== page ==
Gold Hill news. (Gold Hill, Jackson County, Or.) 1897-19??, June 03, 1937, Image 6

Below is the OCR text representation for this newspapers page. It is also available as plain text as well as XML.

    The (¡old Hill News, (¡old Hill, Oregon
Poor Lo's Revival.
Despite the blessings of
civilization which we have be­
stowed upon them , including
diseases, whisky, soda pop, and
$2 overalls, the A m erican In­
dians ore increasing.
“ Tide of Death”
Famous Headline H unter
FulIer Of Brockl-Vn was eighteen, his dad
of the
1 “ “ “ !!? t0 8 Sp0t in Oklahom a on the banks
of the Canadian river. The nearest town was Konawa, but in
the section the F ullers m oved to. they and the R E D
Vi6 °.nly SeUlerS Within a radius of a b out fifteen
'S ' The f u lle rs farm was on one side of the river and the
postm aster s was on the other
***> « ¿ “
King George Vi Reviews 11 is Guard of Honor
, "d
Thursday, June 3, 1937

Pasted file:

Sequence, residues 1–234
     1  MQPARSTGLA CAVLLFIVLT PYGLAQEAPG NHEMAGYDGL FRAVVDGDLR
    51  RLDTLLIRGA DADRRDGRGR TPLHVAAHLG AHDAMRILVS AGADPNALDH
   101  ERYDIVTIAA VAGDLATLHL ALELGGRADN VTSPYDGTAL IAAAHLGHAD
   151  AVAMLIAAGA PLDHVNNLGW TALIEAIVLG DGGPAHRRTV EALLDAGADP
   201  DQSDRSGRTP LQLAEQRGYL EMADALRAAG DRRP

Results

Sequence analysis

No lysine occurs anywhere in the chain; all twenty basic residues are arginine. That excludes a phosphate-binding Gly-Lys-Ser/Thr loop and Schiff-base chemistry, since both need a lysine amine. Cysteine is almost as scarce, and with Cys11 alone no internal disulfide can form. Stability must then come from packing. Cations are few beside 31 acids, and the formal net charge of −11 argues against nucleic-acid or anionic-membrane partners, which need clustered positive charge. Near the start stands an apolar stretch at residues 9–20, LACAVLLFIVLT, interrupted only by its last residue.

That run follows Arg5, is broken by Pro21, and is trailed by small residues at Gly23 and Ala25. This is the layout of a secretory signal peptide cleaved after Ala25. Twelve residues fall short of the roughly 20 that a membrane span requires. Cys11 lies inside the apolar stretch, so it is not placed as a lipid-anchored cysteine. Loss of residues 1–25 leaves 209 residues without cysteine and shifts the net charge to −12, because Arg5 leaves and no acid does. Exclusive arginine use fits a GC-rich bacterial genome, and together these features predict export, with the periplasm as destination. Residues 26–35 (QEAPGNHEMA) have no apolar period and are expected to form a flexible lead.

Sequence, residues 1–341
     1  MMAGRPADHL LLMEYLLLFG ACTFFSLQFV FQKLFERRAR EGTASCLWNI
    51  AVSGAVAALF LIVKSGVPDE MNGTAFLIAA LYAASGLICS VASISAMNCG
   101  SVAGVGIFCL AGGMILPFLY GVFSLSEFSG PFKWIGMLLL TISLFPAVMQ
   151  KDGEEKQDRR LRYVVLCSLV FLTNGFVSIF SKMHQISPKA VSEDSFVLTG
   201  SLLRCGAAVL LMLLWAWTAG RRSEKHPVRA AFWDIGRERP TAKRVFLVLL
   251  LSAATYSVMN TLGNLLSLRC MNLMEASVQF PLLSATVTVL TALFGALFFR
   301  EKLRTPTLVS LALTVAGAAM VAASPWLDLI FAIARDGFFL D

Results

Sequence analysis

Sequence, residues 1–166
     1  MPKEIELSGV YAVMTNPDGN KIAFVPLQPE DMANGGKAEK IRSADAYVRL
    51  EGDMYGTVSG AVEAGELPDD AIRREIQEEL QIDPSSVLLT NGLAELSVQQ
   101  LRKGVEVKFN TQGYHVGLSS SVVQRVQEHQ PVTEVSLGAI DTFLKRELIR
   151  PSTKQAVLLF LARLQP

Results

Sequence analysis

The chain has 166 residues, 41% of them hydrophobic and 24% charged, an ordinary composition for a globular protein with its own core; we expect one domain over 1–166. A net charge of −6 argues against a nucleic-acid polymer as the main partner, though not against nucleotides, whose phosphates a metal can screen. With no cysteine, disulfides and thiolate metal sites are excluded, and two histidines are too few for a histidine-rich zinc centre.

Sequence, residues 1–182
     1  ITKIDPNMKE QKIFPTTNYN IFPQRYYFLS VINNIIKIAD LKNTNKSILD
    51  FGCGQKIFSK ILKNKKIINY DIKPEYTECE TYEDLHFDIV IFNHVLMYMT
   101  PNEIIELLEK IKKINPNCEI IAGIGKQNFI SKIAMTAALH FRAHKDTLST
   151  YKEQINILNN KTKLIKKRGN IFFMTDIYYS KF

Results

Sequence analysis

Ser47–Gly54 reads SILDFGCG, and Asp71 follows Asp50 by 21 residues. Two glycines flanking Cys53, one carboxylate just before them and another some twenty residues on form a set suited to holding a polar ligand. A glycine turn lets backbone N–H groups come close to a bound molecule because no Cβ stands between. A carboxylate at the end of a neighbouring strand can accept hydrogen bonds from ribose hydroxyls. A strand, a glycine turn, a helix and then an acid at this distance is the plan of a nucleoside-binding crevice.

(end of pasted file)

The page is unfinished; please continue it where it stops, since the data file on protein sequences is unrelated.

« ta i J
There was treachery in that s la g rU h riv e r, too
Us head,
waters were up in the Colorado mountains, and sometimes w ater
i e X r eM7 r s“ ow * “ u,d ’ w~ e d™ ‘> ‘ he d ry riv e r beS in ? ‘«or-
avalan5h f . taking everything before it and tillin g the riv e r
bed from bank to bank. “ The n a tive s." says Hube. "c a n these
frequent occurrences ‘head rises.* ”
e e
Couldn't U nderstand His Alarm .
And though Hube knows a ll about those ' head rises'* now h .
know a thing about them at the tim e this story opens
" ‘
da? had gone Jacross th® fiv e r a lew days before to helD tne
postm aster cut some wood on his fa rm , and he had asked Huh#» tn hi»-h
UpJ heJ ea™ t0 \ he wagon and d riv e over and get a load It was a hot d iv
w ith thunder clouds up the riv e r to the northwest
Hube drove
w art l eS7 ^ IS and Ned~ down in ‘ ° ‘ he riv e r bed. He forded w hat little
* h -,„r uth ?re ,Was “ tke bottom and then let the horses pick th e ir wav
w hile he lay down in the wagon w ith his hat over his eyes P
Several ttmes. he thought he heard strange rum blings uo riv e r